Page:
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3/55. Corticobasal degeneration: an autopsy case clinically diagnosed as progressive supranuclear palsy.

    We report an autopsy case diagnosed clinically as progressive supranuclear palsy (PSP), but neuropathologically confirmed as corticobasal degeneration (CBD). A 56-year-old Japanese woman slowly developed parkinsonism, dementia, character change, followed by vertical gaze palsy and dystonia. Brain MRI demonstrated diffuse cerebral atrophy with severe shrinkage of the brain stem tegmentum. The SPECT images using 123I-IMP disclosed symmetrical hypoperfusion in the frontal lobes. She died of respiratory failure at the age of 71.Gross inspection of the brain showed diffuse, symmetrical atrophy of the cerebrum and marked atrophy of the Luysian body, globus pallidus, substantia nigra and nuclei of the brain stem tegmentum. Microscopically, neuronal loss and fibrillary gliosis were observed in the Luysian body, globus pallidus, substantia nigra and nuclei of the brain stem tegmentum. The cerebellar dentate nucleus showed mild neuronal loss with some grumose degeneration. neurofibrillary tangles were found only in the Luysian body, substantia nigra and raphe nuclei, whilst tau-positive inclusions were observed more extensively. Astrocytic plaques and swollen achromatic neurones were found in the postcentral gyrus. There were no tuft-shaped astrocytes in the brain. The clinicopathological similarities and differences between PSP and CBD are discussed.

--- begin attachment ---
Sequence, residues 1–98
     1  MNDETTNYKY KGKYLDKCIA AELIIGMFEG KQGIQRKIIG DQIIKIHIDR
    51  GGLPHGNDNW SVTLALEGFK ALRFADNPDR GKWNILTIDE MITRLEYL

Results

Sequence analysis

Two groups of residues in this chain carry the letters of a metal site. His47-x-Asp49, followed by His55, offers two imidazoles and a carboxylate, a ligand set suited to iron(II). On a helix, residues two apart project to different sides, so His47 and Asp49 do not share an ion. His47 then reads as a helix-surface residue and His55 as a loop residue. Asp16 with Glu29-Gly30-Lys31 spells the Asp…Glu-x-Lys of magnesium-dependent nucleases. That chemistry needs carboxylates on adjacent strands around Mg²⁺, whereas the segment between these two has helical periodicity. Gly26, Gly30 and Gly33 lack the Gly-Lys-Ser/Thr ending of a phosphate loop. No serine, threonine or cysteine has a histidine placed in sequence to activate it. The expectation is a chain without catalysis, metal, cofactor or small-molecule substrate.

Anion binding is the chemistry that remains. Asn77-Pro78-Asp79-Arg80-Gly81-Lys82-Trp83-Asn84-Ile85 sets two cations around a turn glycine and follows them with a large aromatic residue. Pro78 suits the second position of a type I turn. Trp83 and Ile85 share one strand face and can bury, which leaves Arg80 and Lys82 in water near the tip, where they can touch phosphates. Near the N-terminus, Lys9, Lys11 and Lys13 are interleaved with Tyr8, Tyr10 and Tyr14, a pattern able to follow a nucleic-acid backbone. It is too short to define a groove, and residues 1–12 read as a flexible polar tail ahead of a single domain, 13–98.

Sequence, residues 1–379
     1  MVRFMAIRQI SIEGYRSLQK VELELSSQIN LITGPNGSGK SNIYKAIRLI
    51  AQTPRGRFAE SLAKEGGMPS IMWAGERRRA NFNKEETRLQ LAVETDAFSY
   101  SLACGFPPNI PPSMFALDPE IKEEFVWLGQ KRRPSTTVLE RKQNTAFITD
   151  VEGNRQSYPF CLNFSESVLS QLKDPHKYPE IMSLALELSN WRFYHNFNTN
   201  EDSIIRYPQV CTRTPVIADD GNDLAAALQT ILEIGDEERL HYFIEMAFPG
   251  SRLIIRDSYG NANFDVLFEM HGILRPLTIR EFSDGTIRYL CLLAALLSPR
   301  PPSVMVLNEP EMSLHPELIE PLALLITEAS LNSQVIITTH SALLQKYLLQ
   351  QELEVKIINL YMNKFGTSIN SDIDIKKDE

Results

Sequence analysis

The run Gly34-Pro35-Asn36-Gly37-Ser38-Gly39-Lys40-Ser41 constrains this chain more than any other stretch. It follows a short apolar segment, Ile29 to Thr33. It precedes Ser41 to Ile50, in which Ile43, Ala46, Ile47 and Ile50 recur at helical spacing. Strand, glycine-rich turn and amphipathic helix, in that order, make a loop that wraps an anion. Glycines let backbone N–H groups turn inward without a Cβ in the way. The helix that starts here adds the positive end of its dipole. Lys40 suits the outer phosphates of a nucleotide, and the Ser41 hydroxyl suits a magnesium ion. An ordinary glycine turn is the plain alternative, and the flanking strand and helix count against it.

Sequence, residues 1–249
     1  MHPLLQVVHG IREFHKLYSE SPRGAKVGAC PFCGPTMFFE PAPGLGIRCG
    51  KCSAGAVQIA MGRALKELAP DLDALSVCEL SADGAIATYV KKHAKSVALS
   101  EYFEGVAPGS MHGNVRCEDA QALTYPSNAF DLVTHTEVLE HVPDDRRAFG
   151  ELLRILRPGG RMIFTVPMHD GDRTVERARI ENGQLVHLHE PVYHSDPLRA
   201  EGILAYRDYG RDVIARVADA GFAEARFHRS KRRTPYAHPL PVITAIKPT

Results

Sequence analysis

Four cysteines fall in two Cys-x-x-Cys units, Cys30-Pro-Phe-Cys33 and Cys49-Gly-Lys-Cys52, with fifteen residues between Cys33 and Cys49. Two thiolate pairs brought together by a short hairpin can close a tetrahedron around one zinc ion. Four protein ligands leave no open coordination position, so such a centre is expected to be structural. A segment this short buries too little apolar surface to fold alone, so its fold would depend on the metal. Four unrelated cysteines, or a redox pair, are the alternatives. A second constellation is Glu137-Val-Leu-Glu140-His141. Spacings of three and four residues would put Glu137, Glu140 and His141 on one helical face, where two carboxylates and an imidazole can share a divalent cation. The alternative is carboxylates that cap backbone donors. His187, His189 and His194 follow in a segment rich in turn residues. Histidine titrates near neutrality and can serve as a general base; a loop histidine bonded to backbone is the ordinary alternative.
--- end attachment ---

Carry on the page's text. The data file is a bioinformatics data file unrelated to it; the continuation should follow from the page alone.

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4/55. Familial amyotrophic lateral sclerosis with onset in bulbar sign, benign clinical course, and Bunina bodies: a clinical, genetic, and pathological study of a Japanese family.